Betsy Londrigan Again Called Out By Media for False Attack Ads Against Rodney Davis
News-Gazette opinion column: “Betsy Londrigan ran off the rails in a recent attack ad” and “twisted the facts beyond recognition”
Taylorville, IL — Betsy Londrigan has again been called out by yet another media outlet for her false attack ad featuring the former owner of the Feed Store in Springfield.
From Jim Dey’s column in The News-Gazette:
The trick is to mislead — even lie — without being seen doing so.
That’s where Democratic congressional candidate Betsy Londrigan ran off the rails in a recent attack ad against her opponent, Republican U.S. Rep. Rodney Davis.
She twisted the facts beyond recognition in an advertisement and got caught doing so by two media outlets, Illinois Times in Springfield and KMOV-TV in St. Louis.
Londrigan ran a TV ad that, if true, could be effective.
Unfortunately, the Springfield restaurant owner who claimed in the recent ad that he was forced out of business by Davis’ skullduggery gave an interview with Illinois Times this past summer saying that he and his wife voluntarily decided to close their restaurant and retire.
In the ad, Ross Richardson, the 69-year-old owner of The Feed Store restaurant with his wife, Ann Laurence, claims he wanted to get a federal PPP loan to remain in business, “but we got the runaround while political insiders got the money first.”
“Then funds ran out. Rodney Davis’ family got to the front of the line for a million-dollar payout, and he voted to keep it secret while businesses like ours suffered,” he said in Londrigan’s ad.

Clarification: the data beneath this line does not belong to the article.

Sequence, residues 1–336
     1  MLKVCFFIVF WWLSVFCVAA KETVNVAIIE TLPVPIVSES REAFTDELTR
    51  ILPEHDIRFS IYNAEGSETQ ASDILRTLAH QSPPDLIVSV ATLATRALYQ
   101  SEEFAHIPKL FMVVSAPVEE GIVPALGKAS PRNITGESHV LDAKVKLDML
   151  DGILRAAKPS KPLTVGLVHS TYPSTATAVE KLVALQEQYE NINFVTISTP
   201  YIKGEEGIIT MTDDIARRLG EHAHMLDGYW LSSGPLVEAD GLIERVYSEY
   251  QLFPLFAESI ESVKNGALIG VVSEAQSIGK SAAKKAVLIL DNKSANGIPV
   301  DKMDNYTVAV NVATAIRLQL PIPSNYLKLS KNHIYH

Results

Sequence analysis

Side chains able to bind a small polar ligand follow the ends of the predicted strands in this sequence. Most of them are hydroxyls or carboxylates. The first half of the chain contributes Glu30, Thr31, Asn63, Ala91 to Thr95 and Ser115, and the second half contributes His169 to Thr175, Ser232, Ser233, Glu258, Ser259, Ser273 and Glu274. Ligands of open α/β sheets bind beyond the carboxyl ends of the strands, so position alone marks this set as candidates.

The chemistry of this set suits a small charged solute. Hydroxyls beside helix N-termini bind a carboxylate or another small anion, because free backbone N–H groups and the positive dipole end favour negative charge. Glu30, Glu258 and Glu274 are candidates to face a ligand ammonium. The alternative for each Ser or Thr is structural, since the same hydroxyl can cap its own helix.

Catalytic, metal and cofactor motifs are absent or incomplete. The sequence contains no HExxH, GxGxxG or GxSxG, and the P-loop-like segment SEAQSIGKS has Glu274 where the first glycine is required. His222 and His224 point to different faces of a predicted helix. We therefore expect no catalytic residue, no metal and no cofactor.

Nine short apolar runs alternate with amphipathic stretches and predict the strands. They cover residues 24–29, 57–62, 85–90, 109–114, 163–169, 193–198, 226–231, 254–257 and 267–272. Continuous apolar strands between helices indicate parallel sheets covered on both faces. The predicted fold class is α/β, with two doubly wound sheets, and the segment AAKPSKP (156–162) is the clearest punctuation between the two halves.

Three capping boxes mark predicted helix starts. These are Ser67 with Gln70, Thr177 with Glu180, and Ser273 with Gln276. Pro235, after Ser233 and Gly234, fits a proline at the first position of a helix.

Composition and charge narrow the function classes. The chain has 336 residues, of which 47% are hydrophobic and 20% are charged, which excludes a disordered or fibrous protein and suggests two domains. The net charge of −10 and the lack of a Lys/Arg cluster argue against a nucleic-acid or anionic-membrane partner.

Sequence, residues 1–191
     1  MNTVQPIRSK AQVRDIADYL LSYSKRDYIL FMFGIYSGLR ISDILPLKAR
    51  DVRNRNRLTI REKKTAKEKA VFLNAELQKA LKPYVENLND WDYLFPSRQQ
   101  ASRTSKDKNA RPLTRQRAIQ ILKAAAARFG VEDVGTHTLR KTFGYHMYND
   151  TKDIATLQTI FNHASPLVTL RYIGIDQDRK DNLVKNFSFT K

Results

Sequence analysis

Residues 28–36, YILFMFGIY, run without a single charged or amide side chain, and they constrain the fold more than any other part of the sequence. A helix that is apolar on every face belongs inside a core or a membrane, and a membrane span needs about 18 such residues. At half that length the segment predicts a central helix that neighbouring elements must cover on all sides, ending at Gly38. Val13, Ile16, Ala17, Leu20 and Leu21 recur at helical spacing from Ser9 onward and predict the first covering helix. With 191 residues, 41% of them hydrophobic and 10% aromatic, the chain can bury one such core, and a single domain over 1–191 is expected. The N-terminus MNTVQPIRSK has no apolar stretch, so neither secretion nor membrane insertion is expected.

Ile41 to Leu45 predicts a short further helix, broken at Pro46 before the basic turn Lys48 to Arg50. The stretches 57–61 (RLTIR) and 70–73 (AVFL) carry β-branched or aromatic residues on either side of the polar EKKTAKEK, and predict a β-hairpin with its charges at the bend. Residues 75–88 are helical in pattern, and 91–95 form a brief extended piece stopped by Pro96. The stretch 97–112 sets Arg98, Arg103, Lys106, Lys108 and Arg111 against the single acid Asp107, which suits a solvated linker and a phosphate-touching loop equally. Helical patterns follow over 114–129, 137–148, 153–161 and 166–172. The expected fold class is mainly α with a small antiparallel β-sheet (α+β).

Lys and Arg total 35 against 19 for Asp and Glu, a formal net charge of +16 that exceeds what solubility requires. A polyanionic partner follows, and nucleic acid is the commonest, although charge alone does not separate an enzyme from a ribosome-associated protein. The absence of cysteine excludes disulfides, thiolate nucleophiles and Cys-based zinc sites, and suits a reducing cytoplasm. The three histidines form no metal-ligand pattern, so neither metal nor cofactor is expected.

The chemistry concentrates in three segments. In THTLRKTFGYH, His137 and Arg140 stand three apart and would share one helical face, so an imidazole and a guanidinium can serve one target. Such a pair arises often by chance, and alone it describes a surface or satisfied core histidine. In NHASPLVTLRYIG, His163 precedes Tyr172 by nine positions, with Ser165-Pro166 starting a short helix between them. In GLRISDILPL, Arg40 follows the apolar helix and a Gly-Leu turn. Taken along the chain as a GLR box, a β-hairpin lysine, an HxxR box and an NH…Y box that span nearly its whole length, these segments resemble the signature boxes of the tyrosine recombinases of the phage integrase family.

But in July, Richardson’s 72-year-old wife told Illinois Times that they decided to close the restaurant because of a combination of circumstances, including their age and the coronavirus pandemic.
“We’ve been talking about retiring for a while, but the pandemic just tipped the scale,” said Laurence.
Further, Richardson told the Times that he had “thought about” applying for a PPP loan but decided against doing so.
…The obvious misrepresentation of facts in Londrigan’s ad involving the restaurateur prompted Illinois Times to ask, “Why is Londrigan attacking Davis on the PPP program when her poster child is a business owner who never applied for a PPP loan and was near retirement when pandemic hit?
The answer is simple. Londrigan and members of her campaign team didn’t realize or didn’t care there was a public paper trail that contradicted the emotional story they were using to discredit Davis. In other words, they didn’t plan on getting caught.
But being caught in one or two corners of a sprawling congressional district hasn’t made much difference. The ad is still running, and it’ll be hard for the truth to catch up with the facts by Election Day on Nov. 3.